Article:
Getaway: Berkeley River in the remote east Kimberley

Casuarina Falls. Photo: Tony Hewitt

Casuarina Falls. Photo: Tony Hewitt

Waking up in your villa, having an outdoor shower in the early-morning sun and then wandering out to the deck with a capsule coffee to see the shimmering blue Timor Sea is a spectacular way to start a day.

Finally, after years of hearing about its splendour, I’ve made it to the Kimberley. And I’ve found a magnificent way to do it. Berkeley River Lodge, a luxury resort and my home for four days, sits at the junction of the Timor Sea and the Berkeley River, in the remote east Kimberley.

One-hundred-and-fifty kilometres from the nearest town, Wyndham, the lodge is accessible only by light plane. You truly are entering another world.

A stay here is an extraordinary window to this special part of the world, its freshwater (and croc-free) waterholes, its superbly intact ancient indigenous rock art and an array of wildlife, one species of which – the saltwater crocs – you want to watch from a bit of a distance.

 

Peter Wilmoth was a guest of Berkeley River Lodge.

 

Stay

Berkeley River Lodge

Berkeley River Lodge. Photo: Tony Hewitt

Berkeley River Lodge. Photo: Tony Hewitt

We touch down on the airstrip after a spectacular hour-long flight in a light plane from Kununurra, and it’s straight to breakfast in Dunes restaurant.

We check into our five-star ocean-view villa in the dunes, which has balconies overlooking the Timor Sea.

We are told not to bother locking up. Like the rooms themselves – beach-house casual with polished floorboards, outdoor bathroom and all blending into the environment – the vibe is ultra-relaxed.

Eat

Photo: Tony Hewitt

Photo: Tony Hewitt

Guests dine together each night at a communal table overlooking the sea; the five-course meal is matched with Western Australian wines.

In the warm Kimberley air, it’s a superb location to share stories and wine, with a short walk (or buggy ride) back to your room.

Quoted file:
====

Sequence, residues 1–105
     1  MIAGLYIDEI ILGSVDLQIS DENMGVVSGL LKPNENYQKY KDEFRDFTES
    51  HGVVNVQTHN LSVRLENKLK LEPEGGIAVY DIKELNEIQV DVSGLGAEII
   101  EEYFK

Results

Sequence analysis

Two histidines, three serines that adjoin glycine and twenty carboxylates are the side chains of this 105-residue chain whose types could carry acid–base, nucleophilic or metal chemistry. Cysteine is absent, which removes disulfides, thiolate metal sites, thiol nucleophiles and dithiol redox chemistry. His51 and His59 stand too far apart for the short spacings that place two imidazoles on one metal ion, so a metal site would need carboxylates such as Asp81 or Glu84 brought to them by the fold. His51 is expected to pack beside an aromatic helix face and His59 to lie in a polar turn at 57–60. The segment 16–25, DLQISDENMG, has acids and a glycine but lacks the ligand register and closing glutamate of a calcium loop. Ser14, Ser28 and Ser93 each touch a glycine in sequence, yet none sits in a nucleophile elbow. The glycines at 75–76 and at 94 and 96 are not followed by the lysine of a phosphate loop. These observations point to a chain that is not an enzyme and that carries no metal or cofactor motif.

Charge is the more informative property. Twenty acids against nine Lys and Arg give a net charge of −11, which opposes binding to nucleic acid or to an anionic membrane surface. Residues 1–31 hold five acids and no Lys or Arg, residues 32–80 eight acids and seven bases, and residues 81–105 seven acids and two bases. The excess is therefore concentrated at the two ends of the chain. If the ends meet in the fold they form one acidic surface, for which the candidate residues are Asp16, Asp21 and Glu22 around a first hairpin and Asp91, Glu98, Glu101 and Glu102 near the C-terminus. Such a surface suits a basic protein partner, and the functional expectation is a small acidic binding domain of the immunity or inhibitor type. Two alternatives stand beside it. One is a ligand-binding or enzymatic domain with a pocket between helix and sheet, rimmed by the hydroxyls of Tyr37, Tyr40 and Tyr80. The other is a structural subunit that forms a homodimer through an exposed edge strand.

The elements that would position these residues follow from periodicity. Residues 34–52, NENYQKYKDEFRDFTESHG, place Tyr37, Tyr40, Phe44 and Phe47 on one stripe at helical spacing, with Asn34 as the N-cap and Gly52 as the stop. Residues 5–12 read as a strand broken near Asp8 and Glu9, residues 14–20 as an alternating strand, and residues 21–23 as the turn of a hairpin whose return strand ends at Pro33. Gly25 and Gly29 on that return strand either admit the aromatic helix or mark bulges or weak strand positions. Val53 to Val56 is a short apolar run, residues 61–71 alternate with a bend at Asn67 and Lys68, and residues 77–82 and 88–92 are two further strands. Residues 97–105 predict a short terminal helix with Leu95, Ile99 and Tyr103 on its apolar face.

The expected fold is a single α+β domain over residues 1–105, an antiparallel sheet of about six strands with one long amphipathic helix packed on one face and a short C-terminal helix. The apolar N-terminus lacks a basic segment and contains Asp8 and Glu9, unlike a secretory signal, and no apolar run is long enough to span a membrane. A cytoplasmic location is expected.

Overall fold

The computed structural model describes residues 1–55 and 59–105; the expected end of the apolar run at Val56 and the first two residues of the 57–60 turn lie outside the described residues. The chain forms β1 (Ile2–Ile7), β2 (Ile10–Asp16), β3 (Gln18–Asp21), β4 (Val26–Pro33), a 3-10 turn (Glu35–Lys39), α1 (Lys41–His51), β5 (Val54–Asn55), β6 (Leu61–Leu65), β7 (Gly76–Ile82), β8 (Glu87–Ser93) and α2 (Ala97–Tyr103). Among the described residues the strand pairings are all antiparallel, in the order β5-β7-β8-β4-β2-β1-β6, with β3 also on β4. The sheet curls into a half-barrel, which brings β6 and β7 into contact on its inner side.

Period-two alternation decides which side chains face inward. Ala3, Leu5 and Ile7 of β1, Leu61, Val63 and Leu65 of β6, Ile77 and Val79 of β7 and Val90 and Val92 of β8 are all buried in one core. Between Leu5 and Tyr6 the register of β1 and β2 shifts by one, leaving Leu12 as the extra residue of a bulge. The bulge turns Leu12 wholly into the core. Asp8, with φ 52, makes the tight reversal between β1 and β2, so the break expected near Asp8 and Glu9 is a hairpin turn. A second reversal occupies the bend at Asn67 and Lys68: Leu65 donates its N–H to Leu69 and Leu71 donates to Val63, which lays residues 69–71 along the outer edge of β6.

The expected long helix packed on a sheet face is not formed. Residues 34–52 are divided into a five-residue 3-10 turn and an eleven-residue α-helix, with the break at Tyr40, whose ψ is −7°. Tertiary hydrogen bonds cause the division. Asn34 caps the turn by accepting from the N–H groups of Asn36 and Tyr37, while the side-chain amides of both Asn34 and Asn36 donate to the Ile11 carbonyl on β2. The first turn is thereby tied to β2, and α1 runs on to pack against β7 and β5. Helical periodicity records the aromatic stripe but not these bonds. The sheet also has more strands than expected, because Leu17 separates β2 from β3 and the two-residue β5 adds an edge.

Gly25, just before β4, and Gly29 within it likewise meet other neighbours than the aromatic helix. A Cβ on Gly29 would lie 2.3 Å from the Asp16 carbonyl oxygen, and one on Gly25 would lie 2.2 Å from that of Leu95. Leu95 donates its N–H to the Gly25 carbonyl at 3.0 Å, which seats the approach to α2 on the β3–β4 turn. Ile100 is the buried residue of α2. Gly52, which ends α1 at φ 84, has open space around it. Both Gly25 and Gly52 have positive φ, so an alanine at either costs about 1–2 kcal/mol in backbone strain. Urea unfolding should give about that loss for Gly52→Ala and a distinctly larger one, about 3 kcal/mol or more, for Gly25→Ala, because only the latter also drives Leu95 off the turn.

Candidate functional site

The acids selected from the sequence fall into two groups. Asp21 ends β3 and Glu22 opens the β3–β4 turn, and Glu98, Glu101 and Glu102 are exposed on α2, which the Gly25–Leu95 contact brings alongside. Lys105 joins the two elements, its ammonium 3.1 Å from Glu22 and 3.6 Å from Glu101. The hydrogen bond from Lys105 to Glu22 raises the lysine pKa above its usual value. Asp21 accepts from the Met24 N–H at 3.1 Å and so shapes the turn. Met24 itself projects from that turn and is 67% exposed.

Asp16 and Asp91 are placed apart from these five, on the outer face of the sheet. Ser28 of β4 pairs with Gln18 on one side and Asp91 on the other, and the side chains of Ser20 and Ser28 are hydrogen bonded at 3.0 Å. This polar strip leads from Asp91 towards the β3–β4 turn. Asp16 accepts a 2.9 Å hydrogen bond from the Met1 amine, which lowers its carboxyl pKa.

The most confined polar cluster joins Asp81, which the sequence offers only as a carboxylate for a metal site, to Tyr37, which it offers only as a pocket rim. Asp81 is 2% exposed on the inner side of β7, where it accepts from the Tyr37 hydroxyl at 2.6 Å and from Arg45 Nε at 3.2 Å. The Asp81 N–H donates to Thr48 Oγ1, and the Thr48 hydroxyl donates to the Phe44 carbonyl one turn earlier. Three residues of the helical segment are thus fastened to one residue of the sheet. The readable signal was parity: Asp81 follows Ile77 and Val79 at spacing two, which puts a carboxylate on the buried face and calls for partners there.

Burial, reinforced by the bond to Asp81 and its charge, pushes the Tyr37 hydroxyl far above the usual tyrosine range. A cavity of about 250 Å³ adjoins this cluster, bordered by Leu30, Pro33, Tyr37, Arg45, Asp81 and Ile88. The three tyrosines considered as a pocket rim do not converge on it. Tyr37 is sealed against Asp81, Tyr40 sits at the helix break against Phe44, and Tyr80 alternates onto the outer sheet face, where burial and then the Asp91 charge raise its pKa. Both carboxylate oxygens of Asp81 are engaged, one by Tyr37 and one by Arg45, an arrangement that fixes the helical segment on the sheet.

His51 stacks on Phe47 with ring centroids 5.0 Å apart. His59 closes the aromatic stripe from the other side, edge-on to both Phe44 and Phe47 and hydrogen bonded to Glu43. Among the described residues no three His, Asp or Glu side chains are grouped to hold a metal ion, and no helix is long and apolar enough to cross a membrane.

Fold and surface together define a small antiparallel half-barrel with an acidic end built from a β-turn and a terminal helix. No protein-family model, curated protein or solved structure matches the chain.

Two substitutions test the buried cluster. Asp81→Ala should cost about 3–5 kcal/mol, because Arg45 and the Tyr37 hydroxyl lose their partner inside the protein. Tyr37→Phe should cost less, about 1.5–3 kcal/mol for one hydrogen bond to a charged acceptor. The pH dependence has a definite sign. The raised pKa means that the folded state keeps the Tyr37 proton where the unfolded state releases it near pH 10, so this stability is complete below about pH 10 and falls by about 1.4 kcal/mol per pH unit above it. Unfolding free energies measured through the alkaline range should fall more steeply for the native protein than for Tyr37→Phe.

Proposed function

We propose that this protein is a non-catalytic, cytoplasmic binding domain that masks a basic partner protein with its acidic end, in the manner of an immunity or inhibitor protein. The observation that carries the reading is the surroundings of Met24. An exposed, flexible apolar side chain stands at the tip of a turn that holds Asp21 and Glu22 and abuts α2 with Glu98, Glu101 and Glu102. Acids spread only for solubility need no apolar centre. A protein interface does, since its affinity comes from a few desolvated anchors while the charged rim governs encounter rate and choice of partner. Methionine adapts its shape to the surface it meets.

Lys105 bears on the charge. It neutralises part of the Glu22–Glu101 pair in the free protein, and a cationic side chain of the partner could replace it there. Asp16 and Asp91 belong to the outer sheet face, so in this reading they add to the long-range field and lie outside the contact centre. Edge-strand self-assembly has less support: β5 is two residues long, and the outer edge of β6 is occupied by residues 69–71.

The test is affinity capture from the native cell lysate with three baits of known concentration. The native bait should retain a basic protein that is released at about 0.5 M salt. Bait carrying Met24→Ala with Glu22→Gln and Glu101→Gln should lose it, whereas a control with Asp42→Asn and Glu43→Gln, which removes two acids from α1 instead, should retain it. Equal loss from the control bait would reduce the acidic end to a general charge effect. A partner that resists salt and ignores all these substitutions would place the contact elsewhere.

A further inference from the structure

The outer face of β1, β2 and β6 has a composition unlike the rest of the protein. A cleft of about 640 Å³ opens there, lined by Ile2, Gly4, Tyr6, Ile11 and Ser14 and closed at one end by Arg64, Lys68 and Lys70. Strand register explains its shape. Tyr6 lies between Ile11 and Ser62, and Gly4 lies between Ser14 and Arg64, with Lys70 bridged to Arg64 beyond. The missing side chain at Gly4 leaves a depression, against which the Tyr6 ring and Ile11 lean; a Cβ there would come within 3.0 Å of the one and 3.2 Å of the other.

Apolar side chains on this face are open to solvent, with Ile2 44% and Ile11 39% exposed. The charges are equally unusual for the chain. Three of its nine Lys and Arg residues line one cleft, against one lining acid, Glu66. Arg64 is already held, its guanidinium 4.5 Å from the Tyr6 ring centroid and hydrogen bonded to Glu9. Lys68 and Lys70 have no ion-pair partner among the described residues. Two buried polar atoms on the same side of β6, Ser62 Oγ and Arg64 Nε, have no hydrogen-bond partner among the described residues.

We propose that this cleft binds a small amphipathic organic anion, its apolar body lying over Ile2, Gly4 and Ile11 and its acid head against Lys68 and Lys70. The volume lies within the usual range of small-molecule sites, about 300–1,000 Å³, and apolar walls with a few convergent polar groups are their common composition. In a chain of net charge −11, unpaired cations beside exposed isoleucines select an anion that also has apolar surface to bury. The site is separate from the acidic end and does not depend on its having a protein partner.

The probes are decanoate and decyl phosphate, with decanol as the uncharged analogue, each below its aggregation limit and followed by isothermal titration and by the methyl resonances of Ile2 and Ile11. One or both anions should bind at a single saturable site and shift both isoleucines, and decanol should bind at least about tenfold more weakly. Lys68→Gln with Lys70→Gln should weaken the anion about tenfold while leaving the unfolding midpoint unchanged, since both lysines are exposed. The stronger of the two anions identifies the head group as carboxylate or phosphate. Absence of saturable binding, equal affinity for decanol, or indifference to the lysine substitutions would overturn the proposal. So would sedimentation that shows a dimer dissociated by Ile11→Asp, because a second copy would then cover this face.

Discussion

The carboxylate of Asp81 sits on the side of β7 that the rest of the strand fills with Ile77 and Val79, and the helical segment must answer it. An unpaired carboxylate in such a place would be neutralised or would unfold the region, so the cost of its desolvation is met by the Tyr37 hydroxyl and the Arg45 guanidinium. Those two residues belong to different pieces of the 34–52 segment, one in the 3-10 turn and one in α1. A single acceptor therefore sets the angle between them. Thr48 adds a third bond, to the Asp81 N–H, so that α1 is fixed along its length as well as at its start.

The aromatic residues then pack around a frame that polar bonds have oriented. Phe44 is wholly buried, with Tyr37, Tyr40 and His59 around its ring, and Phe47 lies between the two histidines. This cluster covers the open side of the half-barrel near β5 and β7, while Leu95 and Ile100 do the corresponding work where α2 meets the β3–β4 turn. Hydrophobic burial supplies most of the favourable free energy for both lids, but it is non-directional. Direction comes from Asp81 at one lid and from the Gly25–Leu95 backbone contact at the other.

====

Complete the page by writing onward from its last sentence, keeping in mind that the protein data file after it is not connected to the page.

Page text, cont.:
We enjoyed local delicacies such as barramundi paperback parcels, then moved on to salt-and-pepper crocodile with lime zest, fresh cod nectar, and seared Berkeley River spotted cod, matched with wine from Margaret River.

Season

Closed from November 3 to March 6 due to the wet season.

Cost

Prices for March-November start from $1488 a room twin-share for three nights, including meals, beverages and activities.

Getting there

We flew to Perth, then to Kununurra. From there, the lodge is a one-hour flight in a light plane

 

Do

Indigenous Rock Art. Photo: Tony Hewitt

Indigenous Rock Art. Photo: Tony Hewitt

The lodge organises activities according to your interests. Barramundi fishing is hugely popular. We take a boat trip down the Berkeley River with Bruce Maycock, our highly knowledgeable guide, to spots where he knows the barras bite.

We visit three emerald waterholes, each one bigger and more amazing than the last. The final waterhole is the size of the MCG and fringed by towering red cliffs and escarpments that are the site of spectacular waterfalls in the wet. Our group of six float around in the temperate fresh water – it’s croc-safe and you’re always told when it isn’t. Hard to drag yourself away.

As this is saltwater croc country – they’re the dangerous ones – there’s no swimming in the ocean. It is strongly suggested that you take care even walking on the beach.

Swimming is done in croc-safe waterholes and in the infinity pool overlooking the ocean. Drinks are brought poolside.

Swimming. Photo: Tony Hewitt

Swimming. Photo: Tony Hewitt

Bruce takes us to visit caves and rock ledges featuring ancient Indigenous rock art. Indigenous communities chose these ledges high above the waterholes to live, and the art they left is still intact.

We take a beach cruise on which Bruce shows us sites where turtles lay their eggs.

In the late afternoon we take a chopper ride provided by Truenorth Helicopters to the top of Mount Casuarina, where our guide sets up a picnic table with a white tablecloth and a selection of cheeses.

With a view over the red Kimberley savannah below, as birds soar in the still air, it’s a staggeringly beautiful place to watch the sun set.

Sightseeing. Photo: Tony Hewitt

Sightseeing. Photo: Tony Hewitt

Summary: My stay easily matched the huge expectation. An absolute winner of a trip, a mix of natural wonders, fascinating Indigenous culture, wonderful service and conversation from our hosts.

It’s surprisingly easy to get to from Melbourne. Shelve those thoughts of WA being another country. Grab a good book for the flight and experience this amazing part of Australia. Highly recommended.

Berkeley River Lodge. Photo: Tony Hewitt

Berkeley River Lodge. Photo: Tony Hewitt

 

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